El Morro
©National Park Service
The Zuni Indians called El Morro
A'ts'ina, or
"place of writings on the rock."

El Morro National Monument preserves a timeless record of the people who have lived and passed through this region. A sandstone bluff rises 200 feet from the desert floor. At its base is a pool of cool, clear water, surrounded by cattails, sunflowers, and native grasses. For thousands of years, people crossing the hot, dry desert of what is now New Mexico rested in the shadow of the bluff and refreshed themselves at the pool. For thousands of years, too, they have been compelled to leave their marks on the rock.

The Zuni Indians, descendants of the ancient Anasazi, called this place A'ts'ina, or "place of writings on the rock." The Zuni and their Anasazi ancestors carved images here, including mountain sheep, humanlike creatures, and bear claws. A'ts'ina is still considered a sacred place by modern Zuni.

Spaniards who passed by called the bluff El Morro, "the headland." Don Juan de Onate, who officially colonized New Mexico in 1598, carved his name on El Morro on April 16, 1605. This is the first known European inscription on the rock. After that, hundreds of Spanish governors, soldiers, and priests left brief notes in stone at El Morro. Pioneers and railroad survey parties also added their stories to the rock.

U.S. soldiers, arriving in the mid-1800s, called the bluff Inscription Rock. In 1849, army engineer James H. Simpson and artist Richard Kern were intrigued by the inscriptions and spent two days copying them. Simpson's written descriptions and Kern's drawings were the first records of Inscription Rock.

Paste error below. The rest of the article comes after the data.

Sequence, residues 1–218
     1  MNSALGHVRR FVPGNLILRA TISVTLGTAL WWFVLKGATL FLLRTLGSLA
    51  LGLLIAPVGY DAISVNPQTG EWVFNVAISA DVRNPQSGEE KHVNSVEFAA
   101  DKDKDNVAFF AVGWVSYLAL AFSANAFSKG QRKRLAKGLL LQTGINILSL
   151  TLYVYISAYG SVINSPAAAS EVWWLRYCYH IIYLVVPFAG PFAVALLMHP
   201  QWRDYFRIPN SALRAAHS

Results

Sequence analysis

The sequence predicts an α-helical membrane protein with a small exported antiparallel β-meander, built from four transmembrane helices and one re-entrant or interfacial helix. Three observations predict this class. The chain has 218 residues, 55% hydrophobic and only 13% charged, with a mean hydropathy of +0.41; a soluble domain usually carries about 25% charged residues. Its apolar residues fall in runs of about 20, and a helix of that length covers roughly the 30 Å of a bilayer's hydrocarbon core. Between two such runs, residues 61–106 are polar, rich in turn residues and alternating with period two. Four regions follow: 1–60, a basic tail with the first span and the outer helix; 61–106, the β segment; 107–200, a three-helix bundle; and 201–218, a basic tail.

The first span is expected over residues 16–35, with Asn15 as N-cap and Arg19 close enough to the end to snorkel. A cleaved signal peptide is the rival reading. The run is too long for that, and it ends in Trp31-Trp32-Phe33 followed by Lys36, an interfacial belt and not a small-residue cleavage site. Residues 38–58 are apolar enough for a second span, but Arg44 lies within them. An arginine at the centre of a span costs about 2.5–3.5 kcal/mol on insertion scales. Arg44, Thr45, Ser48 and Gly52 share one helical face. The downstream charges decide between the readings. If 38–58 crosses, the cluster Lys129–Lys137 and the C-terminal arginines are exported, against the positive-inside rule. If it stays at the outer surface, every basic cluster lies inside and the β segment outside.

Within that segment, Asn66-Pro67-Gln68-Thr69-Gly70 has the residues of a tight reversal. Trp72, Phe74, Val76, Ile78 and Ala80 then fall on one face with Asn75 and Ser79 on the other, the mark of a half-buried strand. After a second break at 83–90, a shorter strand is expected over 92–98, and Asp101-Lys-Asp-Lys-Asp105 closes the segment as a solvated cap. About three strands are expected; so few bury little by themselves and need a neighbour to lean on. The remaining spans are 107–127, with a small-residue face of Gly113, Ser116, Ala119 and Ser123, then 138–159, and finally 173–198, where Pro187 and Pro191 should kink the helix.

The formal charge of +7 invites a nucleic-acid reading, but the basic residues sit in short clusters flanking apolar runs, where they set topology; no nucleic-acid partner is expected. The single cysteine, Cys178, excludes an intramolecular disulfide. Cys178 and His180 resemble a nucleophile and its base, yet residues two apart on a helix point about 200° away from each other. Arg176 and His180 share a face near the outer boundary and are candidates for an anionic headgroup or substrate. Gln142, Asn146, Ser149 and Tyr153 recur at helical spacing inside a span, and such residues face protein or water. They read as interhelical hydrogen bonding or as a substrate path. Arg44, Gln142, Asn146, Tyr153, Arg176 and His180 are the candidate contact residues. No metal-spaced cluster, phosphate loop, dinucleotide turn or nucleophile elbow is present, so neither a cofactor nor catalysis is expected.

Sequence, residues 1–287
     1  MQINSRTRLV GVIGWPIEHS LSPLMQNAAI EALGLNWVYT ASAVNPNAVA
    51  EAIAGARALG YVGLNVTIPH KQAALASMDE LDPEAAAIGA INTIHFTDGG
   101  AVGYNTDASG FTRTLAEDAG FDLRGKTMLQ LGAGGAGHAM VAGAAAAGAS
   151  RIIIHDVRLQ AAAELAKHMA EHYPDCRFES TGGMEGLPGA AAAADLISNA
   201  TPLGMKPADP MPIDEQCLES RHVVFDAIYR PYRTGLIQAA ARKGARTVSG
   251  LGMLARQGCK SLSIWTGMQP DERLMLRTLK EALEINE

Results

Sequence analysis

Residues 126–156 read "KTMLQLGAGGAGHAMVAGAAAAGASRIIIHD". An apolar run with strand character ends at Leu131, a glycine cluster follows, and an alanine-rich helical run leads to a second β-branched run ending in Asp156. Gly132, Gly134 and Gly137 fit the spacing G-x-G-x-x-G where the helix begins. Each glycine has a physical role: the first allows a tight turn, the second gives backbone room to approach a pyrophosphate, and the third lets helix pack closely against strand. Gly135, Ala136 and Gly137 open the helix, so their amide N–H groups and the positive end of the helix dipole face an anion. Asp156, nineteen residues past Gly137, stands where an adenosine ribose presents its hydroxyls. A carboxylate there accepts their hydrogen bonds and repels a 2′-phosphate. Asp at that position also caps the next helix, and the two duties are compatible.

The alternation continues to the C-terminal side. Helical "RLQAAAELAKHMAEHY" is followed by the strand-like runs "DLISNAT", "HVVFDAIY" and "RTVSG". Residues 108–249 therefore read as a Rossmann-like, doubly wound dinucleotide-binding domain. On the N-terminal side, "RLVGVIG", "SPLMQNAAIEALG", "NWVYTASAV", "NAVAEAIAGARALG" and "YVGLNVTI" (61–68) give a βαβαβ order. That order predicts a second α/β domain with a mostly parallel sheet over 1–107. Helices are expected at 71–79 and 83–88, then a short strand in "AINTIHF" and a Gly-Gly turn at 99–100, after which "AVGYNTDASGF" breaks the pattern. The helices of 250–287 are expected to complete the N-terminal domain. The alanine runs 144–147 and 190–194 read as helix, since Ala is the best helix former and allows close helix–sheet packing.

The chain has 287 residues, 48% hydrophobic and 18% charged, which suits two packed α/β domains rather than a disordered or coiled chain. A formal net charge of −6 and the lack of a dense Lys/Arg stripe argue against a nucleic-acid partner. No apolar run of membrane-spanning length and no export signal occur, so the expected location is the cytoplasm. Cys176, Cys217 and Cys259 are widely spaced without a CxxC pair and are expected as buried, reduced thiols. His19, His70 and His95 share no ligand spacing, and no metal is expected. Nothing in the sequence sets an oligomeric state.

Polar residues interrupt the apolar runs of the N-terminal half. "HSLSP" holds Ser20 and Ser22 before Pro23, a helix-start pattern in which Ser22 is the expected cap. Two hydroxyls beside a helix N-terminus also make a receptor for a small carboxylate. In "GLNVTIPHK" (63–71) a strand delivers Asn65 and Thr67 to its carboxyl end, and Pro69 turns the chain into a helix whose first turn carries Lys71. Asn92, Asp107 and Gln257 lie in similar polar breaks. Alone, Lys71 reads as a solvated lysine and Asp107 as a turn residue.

Self-guiding trails with wayside exhibits lead from the visitor center to Inscription Rock and the ancient pueblo ruins above. From here, visitors get a great view of the surrounding land, which once rose as high as El Morro. Pinyon and ponderosa pine forests grow nearby, and wildflowers bloom all summer.

Atop El Morro are the remains of two Anasazi pueblos; A'ts'ina, the larger of the two, was built around 1275. Anasazi builders cut rock into slabs and piled one on top of the other, using clay and pebbles to cement the slabs in place. The pueblo, which once stood about 300 feet high, housed between 1,000 and 1,500 people in at least 875 connected rooms around a central courtyard.

Down on the plain, the Anasazi of A'ts'ina pueblo grew corn and other crops in irrigated fields. Granaries in the pueblo held the surplus for times of need. Rainwater was collected in cisterns on the mesa top, but the Anasazi also used "steps" in the rock to reach the pool at the base of El Morro.

El Morro National Monument Information

Address: Exit 81 off Interstate 40 West; 42 miles south on Hwy 53
Telephone: 505/783-4226
Hours of Operation: Open daily, hours vary by season; closed Christmas and New Year's Day
Admission: adults, $3; children under 16, free

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ABOUT THE AUTHOR:

Eric Peterson is a Denver-based freelance writer who has contributed to numerous guidebooks about the Western United States.